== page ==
“Click…” was the last thing I heard when my dad hung up the phone.
After I gathered enough balls to anticipate the verbal lashing to follow, I finally told him. I quit my engineering job and it felt damn good. I knew he wasn’t going to be very impressed. That’s to be expected right? That phone conversation left me emotionally drained and exhausted. I had my elbows leaning on my knees. My fingers intertwined in a prayer position. I had my head down. I let out a loud “Sigh…” under my breath.
I felt heavy-hearted and quite frankly, a little angry. Can anyone relate to this?
At first, I felt a little bit of resentment towards my father. “Doesn’t he understand that I hated my job?” was my initial emotional reaction. I thought it was totally fair. I didn’t want to trade my time for money for something that I didn’t give a fuck about. I was sick and tired of solely existing.
I wanted to fill my time with something that truly matters to me.
My dad had been in the engineering industry for over 3 decades. I think he did pretty well. With that career, he was able to raise a family and provide sufficiently. I had to say, we lived a very comfortable life. On top of that, he’s travelled and seen the world for training purposes. Engineering is what paid for my school, put a roof over my head and food on my plate.
He wanted the best for me, and engineering is what he knew best.
Looking back now, I realize self centered I was. Hindsight is always 20/20 right? My opinion about the situation was completely one sided. Why? Because I didn’t have compassion towards the situation, let alone my father.
So why is it important to have compassion?
Compassion stems from awareness of what other find valuable within your personal boundaries. How do you do this? By being present and being in a tranquil mental state. It’s a lot easier to make good judgement with a clutter free mind. If you desire compassion, consciously pay attention to what other people are communicating to you. Usually this is hard when you’re trying to find a great message between the screaming and angry words.
If you understand people’s mindset, it’s a lot easier for compassion to exist. Find the quiet area in your noise filled mind. Slow down down your breathing and allow yourself to enter a calmer state. It’s difficult but not impossible for you to train your mind to do this. Ask yourself why they think the way they do? What often seems like a problem with the person, usually has something to do with the situation they are in.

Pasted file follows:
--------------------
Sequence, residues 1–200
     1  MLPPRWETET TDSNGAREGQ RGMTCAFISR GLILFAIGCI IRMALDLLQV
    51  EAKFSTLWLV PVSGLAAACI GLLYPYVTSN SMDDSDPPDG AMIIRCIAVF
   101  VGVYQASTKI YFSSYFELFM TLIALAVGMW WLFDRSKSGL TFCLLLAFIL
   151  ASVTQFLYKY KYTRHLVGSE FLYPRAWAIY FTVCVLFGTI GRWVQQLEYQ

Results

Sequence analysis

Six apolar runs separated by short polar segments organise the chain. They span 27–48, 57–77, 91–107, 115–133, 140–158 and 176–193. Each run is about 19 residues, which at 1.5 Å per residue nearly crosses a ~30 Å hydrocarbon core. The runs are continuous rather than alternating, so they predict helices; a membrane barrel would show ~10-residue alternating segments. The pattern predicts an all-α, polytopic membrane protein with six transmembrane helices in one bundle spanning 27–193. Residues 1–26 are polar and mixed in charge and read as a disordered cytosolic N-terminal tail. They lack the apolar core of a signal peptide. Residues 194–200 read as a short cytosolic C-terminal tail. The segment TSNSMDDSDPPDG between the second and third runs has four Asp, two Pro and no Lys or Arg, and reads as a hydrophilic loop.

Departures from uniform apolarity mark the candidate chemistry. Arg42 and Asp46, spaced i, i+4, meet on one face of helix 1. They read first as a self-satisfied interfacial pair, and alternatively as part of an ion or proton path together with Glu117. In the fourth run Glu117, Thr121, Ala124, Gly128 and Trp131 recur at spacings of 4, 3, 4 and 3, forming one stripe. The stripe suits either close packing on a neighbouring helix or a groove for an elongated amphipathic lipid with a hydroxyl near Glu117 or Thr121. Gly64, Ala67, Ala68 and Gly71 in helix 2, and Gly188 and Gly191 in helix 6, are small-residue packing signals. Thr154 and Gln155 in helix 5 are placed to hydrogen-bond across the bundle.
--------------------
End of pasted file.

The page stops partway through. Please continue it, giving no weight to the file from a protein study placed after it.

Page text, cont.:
Putting other people’s needs ahead of yours is a genuine place for compassion Open and honest communication is so important. If there are gaps in between your message, you’re leaving room for assumptions to exist. You’re allowing the other person to fill in the blank based from what they know of you and the situation.
Tiny resentments and other negative feelings slowly build up. That sounds like disaster waiting to happen which eventually drives people apart.
That sucks man.
Without compassion, you’ll have a tough time receiving feedback from other people. Your perception of their message will be twisted and short sighted. You might assume they’re coming from a different place therefore you feel like your ego is being attacked. A typical reaction would be to start building emotional defenses and lash back.
Despite how close your relationship is with other people, they’re not mind readers. Neither are you. Have compassion and take the time to find out what other people find valuable. Once you’ve done that, then you can tailor your message to suit. If you give the information the right way, the person will receive the information the way you intended it to be.
Developing compassion, in my opinion, will make you a more emotionally balanced person. Deep insights will come from a thorough and honest internal inventory. Now you have all different perspectives you can experience by going through other people’s ideas and experiences.
Why should you do this?
Because other people are the most important thing in the universe, once you’re past this life.